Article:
After seeing a slow in applications, the Mecklenburg County Small Business Recovery Assistance Fund—in place since September 2020—has amended the program’s design and is opening up to allow businesses to use funds for utility expenses such as water, sewer, electrical and gas. The program has already awarded a total of $334,738.79 funds and has another $165,261.21 remaining.
Previously, the program capped at a total $10,000 but has now been changed to allow a cap of $15,000. Businesses that weren’t able to apply previously due to not having a rent or mortgage payment may now take advantage of this opportunity for reimbursement.
Applications and instructions can be found online at mecklenburgva.com. Jeff Jones encourages businesses to apply ASAP as the funds are doled out on a first-come, first-served basis.
Jeff Jones and the Clarksville Town Council praised Public Services Director Richard Elliott for he and his team’s work at Lakefest this past week. Jones lauded, “They worked tirelessly to get the Town ready for Lakefest. It was a hot, rough time, but these guys worked really hard and then they left Lakefest and went home to get some rest and got called back in for various issues that happened.”
There were only a handful of incidents that occurred during the festival, including the defacement of this year’s sand sculpture Friday night. Sheila Cuykendall commented, “The only disheartening thing was that night some one threw a beer bottle at the sand art and messed up the corner of the basket.” Police Chief Wilkinson also cited that a group of North Carolina visitors were spotted heckling other tourists Saturday night.
Jones shared that he is still looking into ideas of what to do with the $604,000 ARPA funds awarded to the Town. Thankfully, this round does not need to be used up by a certain date as the first round did, giving the Council time to consider what needs to be addressed first. Jones did state that he has ideas for structure replacement and broadband coverage in the Town. He hopes to have a solid idea for the Council to look at in August.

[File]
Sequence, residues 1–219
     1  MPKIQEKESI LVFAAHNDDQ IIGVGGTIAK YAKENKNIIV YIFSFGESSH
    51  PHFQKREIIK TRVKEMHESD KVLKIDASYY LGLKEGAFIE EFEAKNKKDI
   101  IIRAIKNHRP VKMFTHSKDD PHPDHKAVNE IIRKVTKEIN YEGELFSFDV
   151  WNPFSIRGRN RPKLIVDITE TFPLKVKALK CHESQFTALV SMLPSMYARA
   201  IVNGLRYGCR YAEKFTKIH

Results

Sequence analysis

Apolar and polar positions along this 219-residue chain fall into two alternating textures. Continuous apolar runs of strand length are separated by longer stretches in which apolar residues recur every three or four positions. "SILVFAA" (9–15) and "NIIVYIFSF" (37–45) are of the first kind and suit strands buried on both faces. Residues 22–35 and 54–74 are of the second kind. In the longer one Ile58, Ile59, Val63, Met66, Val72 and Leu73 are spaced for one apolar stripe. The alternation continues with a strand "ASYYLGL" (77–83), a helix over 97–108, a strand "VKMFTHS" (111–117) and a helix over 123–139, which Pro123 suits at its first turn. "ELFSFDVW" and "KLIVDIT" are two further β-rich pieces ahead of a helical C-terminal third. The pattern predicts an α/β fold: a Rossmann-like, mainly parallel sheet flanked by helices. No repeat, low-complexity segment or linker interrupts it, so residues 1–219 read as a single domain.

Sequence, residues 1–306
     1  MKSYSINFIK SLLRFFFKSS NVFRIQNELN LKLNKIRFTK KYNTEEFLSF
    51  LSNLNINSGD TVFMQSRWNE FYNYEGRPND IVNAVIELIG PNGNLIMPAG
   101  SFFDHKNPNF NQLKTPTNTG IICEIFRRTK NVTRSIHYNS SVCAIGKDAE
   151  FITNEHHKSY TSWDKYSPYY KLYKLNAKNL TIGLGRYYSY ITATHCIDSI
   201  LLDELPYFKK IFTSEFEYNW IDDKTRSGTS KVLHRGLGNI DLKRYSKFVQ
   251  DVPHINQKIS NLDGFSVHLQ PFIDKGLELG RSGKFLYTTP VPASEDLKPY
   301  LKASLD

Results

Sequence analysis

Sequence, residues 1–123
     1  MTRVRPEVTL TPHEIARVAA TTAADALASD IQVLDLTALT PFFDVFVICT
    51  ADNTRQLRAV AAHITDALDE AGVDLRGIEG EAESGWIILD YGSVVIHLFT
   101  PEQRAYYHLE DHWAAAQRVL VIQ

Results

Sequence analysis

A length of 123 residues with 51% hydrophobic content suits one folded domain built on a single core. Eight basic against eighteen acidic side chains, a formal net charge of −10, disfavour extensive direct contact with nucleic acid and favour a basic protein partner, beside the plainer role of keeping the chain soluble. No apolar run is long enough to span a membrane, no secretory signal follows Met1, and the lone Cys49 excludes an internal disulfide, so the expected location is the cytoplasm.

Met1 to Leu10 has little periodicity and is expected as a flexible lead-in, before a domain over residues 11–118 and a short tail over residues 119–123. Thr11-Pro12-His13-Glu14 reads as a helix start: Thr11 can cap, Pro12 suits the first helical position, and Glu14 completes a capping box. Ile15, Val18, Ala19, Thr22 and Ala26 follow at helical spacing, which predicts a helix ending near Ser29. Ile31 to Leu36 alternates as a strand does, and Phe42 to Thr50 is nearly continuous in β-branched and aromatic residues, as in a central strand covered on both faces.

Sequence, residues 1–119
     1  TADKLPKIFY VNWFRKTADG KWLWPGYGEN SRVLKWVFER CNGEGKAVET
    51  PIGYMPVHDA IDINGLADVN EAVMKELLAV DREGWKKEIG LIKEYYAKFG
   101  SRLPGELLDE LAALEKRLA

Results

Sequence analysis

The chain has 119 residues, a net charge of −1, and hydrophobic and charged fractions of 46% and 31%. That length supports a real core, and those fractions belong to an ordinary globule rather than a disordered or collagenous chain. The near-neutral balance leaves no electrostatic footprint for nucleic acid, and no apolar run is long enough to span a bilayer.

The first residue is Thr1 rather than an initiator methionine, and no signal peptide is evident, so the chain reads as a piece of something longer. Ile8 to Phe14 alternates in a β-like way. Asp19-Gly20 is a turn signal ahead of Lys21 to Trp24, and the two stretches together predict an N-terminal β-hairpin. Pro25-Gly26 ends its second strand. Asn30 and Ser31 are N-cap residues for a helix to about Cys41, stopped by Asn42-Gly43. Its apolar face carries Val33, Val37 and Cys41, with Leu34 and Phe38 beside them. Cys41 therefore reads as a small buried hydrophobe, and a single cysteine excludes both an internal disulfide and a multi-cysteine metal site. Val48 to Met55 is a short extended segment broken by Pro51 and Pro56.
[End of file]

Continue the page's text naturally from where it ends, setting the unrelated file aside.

Regarding the Clarksville Fire Department’s negotiations for a new fire truck, the Town is looking at spending $663,966 between the truck and the equipment. Equipment is estimated to be about $54,000. A decision must be made by the end of this month.
The Mecklenburg County Planning Commission will be reviewing a special exception permit application by Evie Gordon to operate a neighborhood business on the southside of Highway 58 Thursday, July 29. The Mecklenburg County Board of Supervisors will consider the application come Monday, August 9.
Greg Gordon—an adamant supporter of the proposed solar facility on Noblin Farm Road that was shot down by the Board of Supervisors in July—offered public comments at the Town Council meeting.
Gordon stated that there were several inconsistencies in the resolution offered by the Council. He first asked if anyone from the Council had sat down and talked to the two Planning Commission members that represent the area.
He stated, “both of them supported this. Both were in favor of it. They looked at the project and decided it was a worthy project and the term ‘not substantially in accordance’ is not correct. They were just about all in accordance with everything except for the suggested one-mile location… and that was a suggestion in the comprehensive plan. It was not an ordinance.”
He continued, “You go back to Mrs. Dennis and Mr. Watson; do you feel like they are incompetent with their recommendation? I don’t understand why we can’t discuss this, and I have the same issue with the Board of Supervisors. There were three members that were on the Planning Commission that were in favor of it.”
Gordon claimed that the Council and the Town are discriminating against solar farms; "I would hate to see us—in order to generate income—slice property up that’s on the road front. You put house trailers or rental properties in when good projects like this allow the land to be saved.”